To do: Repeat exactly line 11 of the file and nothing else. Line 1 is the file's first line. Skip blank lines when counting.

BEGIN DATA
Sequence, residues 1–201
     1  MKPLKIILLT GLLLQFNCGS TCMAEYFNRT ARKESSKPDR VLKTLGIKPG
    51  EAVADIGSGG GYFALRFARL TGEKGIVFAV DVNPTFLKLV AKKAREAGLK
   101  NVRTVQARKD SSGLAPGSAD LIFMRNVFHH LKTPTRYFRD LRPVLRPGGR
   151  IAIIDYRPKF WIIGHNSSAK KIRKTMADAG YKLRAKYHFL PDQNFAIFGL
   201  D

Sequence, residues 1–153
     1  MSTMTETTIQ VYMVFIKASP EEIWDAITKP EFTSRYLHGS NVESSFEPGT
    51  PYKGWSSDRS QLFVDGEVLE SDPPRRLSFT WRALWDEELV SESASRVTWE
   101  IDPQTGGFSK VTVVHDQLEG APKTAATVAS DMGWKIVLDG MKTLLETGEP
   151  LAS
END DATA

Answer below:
   151  LAS